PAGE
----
Digital Book Index: pure delight

Today I practically stumbled upon something so massive it’s amazing I didn’t bump into it digital book indexearlier. The Digital Book Index is a meta-indexing project that provides links to over 165,000 full-text digital books, the vast majority of them free, though some come with a fee.

Some of their key topics are:

Arts:   Art & graphic arts, architecture, dance, decorative arts, costume, theatre & drama, music, photography, film & video
Children’s Books:   Contemporary & classic children’s books and stories
History:   American, English, Irish, European, Asian, African, local and regional histories
Law:   US Constitutional history, state constitutions, treaties, state statues & laws, legal ethics rules, copyright, and consumer information.
Literature:   Ranging from Chaucer & other medieval texts to modern, contemporary fiction
Math & Sciences:   Mathematics, astronomy, biology, botany & zoology, genetics, chemistry, physics, engineering, electronics, & computer science
Medicine & Health:   For professionals and patients including anatomy, radiology, infectious diseases, surgery, oncology, dentistry, and more
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Kindle and OverDrive

People have been asking for instructions on using a kindle to check out eBooks from their public library through OverDrive, courtesy of Pioneer: Utah’s Online Library.  Well, here you go.

Instructions:

  1. Visit your Utah public library’s website and click on the link to Overdrive. Or, go to http://pioneer.utah.gov and click on OverDrive.
  2. Check out a Kindle book (library card required).
  3. Click on “Get for Kindle.” You will then be directed to Amazon.com to redeem your public library loan. You may be required to login to your Amazon.com account — or create a new account — if you’re not already logged in.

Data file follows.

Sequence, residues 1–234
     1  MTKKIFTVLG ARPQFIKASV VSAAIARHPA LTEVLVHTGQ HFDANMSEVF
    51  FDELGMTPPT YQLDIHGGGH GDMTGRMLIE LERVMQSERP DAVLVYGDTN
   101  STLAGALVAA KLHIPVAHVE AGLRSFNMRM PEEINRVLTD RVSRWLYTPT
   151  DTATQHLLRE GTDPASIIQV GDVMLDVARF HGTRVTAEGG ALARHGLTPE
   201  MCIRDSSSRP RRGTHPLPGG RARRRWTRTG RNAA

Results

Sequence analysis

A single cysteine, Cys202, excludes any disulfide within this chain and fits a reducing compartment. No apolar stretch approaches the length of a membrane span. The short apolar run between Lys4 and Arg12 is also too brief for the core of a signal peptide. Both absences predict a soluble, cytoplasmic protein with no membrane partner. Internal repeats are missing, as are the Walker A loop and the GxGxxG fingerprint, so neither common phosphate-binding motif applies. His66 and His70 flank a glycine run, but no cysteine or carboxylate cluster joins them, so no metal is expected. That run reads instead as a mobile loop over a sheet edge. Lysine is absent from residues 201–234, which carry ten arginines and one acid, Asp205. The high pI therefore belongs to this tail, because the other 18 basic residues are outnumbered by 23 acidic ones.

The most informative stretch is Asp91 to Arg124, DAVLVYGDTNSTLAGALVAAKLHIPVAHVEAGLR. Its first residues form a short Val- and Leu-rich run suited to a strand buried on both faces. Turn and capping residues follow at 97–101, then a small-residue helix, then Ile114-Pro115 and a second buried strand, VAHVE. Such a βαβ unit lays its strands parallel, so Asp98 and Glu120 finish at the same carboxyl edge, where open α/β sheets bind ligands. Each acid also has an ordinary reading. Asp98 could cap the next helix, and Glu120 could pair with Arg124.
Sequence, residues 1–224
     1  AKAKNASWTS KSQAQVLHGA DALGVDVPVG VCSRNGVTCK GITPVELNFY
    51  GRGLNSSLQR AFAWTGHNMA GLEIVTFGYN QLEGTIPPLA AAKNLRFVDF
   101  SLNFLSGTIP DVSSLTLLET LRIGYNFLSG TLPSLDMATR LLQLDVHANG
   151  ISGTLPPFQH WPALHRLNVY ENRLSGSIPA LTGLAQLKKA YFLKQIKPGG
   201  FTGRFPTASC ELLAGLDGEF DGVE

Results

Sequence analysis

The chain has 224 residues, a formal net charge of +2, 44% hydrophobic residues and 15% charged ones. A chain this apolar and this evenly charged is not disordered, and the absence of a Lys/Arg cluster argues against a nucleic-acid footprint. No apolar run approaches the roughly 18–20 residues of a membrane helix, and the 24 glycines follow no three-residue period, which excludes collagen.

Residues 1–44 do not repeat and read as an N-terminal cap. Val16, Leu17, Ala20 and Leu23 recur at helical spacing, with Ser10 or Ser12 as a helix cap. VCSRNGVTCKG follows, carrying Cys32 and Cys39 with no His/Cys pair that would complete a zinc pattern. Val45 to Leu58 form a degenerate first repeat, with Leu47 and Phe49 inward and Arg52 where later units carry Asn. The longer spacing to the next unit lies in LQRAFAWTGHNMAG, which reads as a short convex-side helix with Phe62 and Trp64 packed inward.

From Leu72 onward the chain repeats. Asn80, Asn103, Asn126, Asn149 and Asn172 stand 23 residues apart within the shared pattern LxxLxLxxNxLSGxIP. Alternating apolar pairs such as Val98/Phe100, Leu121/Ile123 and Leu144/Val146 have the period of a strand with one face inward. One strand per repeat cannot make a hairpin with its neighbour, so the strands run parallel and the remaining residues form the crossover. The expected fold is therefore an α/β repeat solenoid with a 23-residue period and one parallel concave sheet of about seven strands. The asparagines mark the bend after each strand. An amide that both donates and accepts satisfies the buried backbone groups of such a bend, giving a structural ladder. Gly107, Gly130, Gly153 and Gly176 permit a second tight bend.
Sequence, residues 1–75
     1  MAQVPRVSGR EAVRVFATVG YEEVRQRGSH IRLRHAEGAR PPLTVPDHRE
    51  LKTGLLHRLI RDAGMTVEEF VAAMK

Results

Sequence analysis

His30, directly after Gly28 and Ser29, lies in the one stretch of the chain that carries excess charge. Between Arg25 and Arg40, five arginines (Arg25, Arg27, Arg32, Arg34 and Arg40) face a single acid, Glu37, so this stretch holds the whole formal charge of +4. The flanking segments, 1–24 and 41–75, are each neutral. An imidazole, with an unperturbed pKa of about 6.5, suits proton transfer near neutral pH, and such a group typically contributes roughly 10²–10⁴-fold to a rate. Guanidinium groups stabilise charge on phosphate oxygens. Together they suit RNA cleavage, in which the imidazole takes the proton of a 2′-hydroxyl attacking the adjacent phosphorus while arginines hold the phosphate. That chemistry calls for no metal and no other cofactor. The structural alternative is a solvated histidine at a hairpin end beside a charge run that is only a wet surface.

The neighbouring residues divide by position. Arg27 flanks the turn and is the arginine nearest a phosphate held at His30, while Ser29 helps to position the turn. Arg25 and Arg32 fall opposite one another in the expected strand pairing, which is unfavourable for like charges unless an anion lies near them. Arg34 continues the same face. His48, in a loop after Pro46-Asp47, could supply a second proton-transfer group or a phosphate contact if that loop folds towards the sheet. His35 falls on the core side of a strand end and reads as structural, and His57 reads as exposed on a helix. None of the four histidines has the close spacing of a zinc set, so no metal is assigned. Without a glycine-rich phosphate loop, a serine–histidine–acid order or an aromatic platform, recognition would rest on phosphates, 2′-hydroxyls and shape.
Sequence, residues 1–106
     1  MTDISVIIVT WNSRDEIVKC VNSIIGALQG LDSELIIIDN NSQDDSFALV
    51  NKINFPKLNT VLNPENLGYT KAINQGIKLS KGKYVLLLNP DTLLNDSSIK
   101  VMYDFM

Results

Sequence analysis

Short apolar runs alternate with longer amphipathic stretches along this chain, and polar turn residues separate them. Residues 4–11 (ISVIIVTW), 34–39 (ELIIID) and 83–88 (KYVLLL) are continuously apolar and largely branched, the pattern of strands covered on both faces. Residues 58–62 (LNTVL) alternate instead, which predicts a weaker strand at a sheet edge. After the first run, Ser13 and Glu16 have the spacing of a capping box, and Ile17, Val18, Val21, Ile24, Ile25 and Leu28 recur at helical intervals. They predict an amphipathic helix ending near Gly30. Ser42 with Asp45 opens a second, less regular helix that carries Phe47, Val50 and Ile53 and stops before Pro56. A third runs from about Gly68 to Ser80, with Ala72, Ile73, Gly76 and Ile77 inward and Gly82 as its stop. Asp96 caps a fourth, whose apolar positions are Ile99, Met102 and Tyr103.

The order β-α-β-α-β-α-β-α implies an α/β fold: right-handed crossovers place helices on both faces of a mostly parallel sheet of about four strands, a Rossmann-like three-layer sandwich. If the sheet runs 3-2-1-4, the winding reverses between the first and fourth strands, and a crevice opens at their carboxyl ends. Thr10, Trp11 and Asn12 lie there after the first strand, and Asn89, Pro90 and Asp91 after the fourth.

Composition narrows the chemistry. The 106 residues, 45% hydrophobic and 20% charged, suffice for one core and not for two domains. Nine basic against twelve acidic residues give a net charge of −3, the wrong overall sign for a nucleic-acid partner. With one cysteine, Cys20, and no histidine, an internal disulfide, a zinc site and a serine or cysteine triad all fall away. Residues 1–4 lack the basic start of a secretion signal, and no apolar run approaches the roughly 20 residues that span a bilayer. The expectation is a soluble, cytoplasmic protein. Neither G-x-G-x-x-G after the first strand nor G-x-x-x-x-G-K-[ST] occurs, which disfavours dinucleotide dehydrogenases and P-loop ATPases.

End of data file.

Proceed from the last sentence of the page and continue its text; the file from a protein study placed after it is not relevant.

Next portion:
4. Choose to read the book on your Kindle device, free reading app, or Kindle Cloud Reader.

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Cloud eBook Reading

[Here’s my response to my 12/29/10 OverDrive post]

We’ve all heard of cloud computing (googledocs), cloud social networking (facebook), and here comes the next big thing: cloud eBook reading. That’s where your eBook is held in the cloud and you can bookmark your place and come back to it no matter which handheld or computer you’re using.

The big advantage is that you don’t have to download an app or a piece of software or have a dedicated e-reading device.

Joseph Pearson of Inventive Lab wrote, “The one single platform we expect future e-reading devices to have in common is the web browser. If you want to give your readership the freedom to own (forever) the books they buy from you, the web is where it will happen.”

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OverDrive and the rest of the modern world as we know it

Here I am. Using OverDrive with my new iPod which I got fairly recently. There are other sources of ebook and audiobooks as well such as NetLibrary (free from your public library in Utah), Google Books (older classics free, $ for newer titles), Kobo (free, $),  Audible ($) , iTunes (some free, most $), Project Gutenberg (free, mostly ebooks), the list goes on. Right now I’m transferring War and Peace to my iPod hoping for the latter not the former.

There’s gotta be some way to get organized. I’m seeking nirvana: combining an iPad with a knockout interface where everything comes at me in one place, put into categories like shelves in a bookcase.

Something to dream of, plan for, investigate.

Books are going out the door

The Boston Globe reported a week ago that the Cushing Academy, a prestigious prep school in western Massachusetts, is replacing its 20,000-volume book collection with a “learning center” containing 18 eBook readers and three giant TV screens. It’s replacing the reference desk with a $12,000 espresso machine.

“It’s a little strange, but this is the future.”

ALA executive director Keith Michael Fiels says this is the first library he is aware of to eliminate books.

“When I look at books, I see an outdated technology, like scrolls before books,’’ said James Tracy, headmaster of Cushing and chief promoter of the bookless campus. “Our feeling,” he says, “is that we love books so much that we want our students to not have 20,000, but millions.”

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